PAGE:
Shohei Ohtani Mar 21, 2023; Miami, Florida, USA; Japan relief pitcher Shohei Ohtani (16) celebrates after defeating the USA at LoanDepot Park. Mandatory Credit: Sam Navarro-USA TODAY Sports

Bundle up, folks. We are about to revisit one of the coldest takes ever offered.

In March of 2018, Shohei Ohtani was in his first spring training with the Los Angeles Angels. It’s safe to say that at this point, whatever doubters Ohtani had then have been proven wrong. The guy is one of baseball’s best hitters and pitchers. He won the American League Rookie of the Year in 2018. In 2021, he added an MVP and a Silver Slugger. Really, that just scratches the surface. Ohtani is a transcendent player — one of the most special talents in Major League Baseball history.

On Tuesday, he added to his legacy. Ohtani closed out Japan’s victory in the World Baseball Classic. For the final out, he struck out his Angels teammate, fellow superstar, Mike Trout. When the tournament was over, Ohtani was named MVP.

Something else happened when the tournament was over. Baseball fans revisited a take from Keith Olbermann that was off the mark by a comical margin.

On March 6, 2018, Richard Justice, then of, tweeted out an article with the caption, “Lots of @MLB GMs think we could have more 2-way players, probably in super utility roles. Olbermann didn’t see believe it and responded with a take that now is about as cold as an ice cube being dropped into the Arctic Ocean.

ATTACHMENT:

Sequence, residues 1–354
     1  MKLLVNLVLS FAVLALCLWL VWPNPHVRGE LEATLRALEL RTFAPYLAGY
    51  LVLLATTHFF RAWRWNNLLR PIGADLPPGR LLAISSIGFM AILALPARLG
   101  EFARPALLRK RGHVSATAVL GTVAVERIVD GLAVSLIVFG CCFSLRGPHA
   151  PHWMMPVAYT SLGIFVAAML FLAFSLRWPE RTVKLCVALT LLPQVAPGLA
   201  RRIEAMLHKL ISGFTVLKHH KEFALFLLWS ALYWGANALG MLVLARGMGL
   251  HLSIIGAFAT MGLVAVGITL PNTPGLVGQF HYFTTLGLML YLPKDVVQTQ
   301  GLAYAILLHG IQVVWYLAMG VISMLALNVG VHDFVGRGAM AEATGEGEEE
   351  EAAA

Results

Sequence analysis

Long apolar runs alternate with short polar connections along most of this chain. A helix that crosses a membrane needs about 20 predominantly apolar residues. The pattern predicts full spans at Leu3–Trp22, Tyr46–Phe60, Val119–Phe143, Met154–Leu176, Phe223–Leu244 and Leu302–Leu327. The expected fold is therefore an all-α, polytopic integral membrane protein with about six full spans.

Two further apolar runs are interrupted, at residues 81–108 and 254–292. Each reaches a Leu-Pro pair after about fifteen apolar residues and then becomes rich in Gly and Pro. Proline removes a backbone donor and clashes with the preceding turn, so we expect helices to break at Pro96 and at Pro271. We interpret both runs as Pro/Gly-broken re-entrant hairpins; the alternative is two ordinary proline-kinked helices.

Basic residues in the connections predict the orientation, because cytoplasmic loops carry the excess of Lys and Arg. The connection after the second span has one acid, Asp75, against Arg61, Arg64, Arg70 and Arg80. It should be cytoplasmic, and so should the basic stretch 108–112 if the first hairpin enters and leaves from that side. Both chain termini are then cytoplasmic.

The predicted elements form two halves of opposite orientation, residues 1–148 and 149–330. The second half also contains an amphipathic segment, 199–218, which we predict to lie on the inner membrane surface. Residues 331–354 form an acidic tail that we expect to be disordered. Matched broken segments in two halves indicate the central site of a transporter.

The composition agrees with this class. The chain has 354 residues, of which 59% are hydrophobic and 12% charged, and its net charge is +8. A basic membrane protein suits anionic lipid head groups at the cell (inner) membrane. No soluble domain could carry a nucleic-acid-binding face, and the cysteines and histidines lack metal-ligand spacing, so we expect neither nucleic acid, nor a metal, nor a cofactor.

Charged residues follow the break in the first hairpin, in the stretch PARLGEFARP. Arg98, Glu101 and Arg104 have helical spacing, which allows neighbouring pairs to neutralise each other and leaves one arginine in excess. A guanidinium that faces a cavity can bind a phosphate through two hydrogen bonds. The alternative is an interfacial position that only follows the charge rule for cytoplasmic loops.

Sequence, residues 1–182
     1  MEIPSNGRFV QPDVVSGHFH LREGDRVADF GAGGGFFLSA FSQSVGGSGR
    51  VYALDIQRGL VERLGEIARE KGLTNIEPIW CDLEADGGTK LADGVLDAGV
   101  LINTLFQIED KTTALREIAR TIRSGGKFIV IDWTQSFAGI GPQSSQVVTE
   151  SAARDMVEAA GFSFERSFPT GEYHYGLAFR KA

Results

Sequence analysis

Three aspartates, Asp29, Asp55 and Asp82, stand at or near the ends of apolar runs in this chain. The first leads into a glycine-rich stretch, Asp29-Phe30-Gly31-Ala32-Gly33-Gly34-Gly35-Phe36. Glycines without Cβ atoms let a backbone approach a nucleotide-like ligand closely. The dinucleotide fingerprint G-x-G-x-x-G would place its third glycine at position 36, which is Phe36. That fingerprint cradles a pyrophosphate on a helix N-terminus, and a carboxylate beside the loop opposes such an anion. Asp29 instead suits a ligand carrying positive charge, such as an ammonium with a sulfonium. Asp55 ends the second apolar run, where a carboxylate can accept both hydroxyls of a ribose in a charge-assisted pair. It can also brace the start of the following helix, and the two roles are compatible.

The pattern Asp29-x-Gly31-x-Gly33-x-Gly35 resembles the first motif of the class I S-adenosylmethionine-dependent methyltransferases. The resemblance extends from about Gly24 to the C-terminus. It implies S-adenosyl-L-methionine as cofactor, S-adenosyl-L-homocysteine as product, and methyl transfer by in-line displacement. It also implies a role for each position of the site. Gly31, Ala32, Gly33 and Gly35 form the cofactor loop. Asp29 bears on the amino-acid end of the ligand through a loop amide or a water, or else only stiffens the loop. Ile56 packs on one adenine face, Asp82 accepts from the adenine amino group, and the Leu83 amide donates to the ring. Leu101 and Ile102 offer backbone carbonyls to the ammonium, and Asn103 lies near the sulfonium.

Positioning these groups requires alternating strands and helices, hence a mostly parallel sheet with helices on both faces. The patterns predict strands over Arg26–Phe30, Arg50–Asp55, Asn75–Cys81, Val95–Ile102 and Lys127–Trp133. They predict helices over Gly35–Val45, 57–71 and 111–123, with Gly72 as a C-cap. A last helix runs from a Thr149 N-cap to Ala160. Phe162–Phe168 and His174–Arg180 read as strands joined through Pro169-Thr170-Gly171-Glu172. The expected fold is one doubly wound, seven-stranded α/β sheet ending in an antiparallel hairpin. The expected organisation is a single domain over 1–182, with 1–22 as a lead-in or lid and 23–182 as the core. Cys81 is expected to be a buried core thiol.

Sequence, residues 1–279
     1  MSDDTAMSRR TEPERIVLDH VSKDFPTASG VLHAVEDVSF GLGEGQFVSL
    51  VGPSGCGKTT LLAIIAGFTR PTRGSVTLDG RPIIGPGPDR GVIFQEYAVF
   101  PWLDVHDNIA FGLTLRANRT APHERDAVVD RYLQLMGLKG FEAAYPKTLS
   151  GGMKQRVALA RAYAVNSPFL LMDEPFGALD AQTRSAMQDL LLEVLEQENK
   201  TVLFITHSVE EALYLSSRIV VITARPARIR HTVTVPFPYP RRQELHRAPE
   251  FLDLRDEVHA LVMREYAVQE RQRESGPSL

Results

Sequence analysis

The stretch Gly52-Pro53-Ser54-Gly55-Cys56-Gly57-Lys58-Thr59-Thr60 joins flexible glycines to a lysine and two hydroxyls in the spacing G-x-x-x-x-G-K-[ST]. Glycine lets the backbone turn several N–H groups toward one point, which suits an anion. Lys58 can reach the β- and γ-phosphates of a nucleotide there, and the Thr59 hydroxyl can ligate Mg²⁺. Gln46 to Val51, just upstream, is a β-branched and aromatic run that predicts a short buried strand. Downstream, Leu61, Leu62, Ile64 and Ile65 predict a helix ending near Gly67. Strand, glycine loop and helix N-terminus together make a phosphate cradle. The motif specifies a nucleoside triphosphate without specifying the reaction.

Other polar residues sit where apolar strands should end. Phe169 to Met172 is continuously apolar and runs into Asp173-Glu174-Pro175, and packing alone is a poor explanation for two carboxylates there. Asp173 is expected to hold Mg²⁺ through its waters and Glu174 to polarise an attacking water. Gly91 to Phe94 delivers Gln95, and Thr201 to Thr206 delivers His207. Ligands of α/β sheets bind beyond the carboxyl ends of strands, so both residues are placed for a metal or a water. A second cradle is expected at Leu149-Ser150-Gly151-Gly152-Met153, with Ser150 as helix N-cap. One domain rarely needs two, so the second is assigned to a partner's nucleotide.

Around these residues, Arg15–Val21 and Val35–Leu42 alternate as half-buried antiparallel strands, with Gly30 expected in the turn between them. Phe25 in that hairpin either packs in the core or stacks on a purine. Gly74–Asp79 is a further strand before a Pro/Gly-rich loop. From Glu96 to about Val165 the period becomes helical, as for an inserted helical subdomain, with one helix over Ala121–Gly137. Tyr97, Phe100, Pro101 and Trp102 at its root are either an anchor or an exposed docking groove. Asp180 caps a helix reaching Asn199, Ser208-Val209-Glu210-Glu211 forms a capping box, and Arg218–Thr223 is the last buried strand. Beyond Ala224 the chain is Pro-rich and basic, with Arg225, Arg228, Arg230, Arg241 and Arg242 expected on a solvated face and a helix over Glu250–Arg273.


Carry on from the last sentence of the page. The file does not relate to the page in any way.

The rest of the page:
“Because that Christian Bethancourt thing worked soooo well,” Olbermann said. “Ohtani will be a pinch-hitting pitcher by mid-season.”

More than five years later, baseball fans took a lot of pleasure in reminding Olbermann that he missed — by a wide margin.

Olbermann, at the time of this writing, had yet to say anything on Twitter about Ohtani’s performance, or anything related to the final game between Japan and the United States. That’s probably for the best, given how asinine his takes on the WBC had previously been.

We do have to give Olbermann some credit for leaving the tweet up, more than five years later. Unless, in his stubbornness, he’s waiting to find the moment to tweet that he was right.

At the very least, we can hope that Olbermann leaves this tweet up through the season. Summer is coming and if you ever need to cool down, being able to open this tweet should do the job.

[Keith Olbermann]

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